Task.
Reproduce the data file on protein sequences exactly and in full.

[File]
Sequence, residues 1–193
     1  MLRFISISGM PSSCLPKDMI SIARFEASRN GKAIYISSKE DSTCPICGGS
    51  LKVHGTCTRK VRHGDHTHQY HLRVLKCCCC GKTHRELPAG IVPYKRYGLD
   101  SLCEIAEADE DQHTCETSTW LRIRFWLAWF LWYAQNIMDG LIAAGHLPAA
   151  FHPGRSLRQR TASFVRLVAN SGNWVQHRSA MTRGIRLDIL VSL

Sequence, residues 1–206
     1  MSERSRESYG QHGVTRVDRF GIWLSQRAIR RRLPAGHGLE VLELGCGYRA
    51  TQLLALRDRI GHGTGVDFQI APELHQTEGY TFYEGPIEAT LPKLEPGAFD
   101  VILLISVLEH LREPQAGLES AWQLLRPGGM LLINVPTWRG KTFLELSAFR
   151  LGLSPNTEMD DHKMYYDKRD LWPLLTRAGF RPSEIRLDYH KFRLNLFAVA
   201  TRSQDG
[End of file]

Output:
Sequence, residues 1–193
     1  MLRFISISGM PSSCLPKDMI SIARFEASRN GKAIYISSKE DSTCPICGGS
    51  LKVHGTCTRK VRHGDHTHQY HLRVLKCCCC GKTHRELPAG IVPYKRYGLD
   101  SLCEIAEADE DQHTCETSTW LRIRFWLAWF LWYAQNIMDG LIAAGHLPAA
   151  FHPGRSLRQR TASFVRLVAN SGNWVQHRSA MTRGIRLDIL VSL

Sequence, residues 1–206
     1  MSERSRESYG QHGVTRVDRF GIWLSQRAIR RRLPAGHGLE VLELGCGYRA
    51  TQLLALRDRI GHGTGVDFQI APELHQTEGY TFYEGPIEAT LPKLEPGAFD
   101  VILLISVLEH LREPQAGLES AWQLLRPGGM LLINVPTWRG KTFLELSAFR
   151  LGLSPNTEMD DHKMYYDKRD LWPLLTRAGF RPSEIRLDYH KFRLNLFAVA
   201  TRSQDG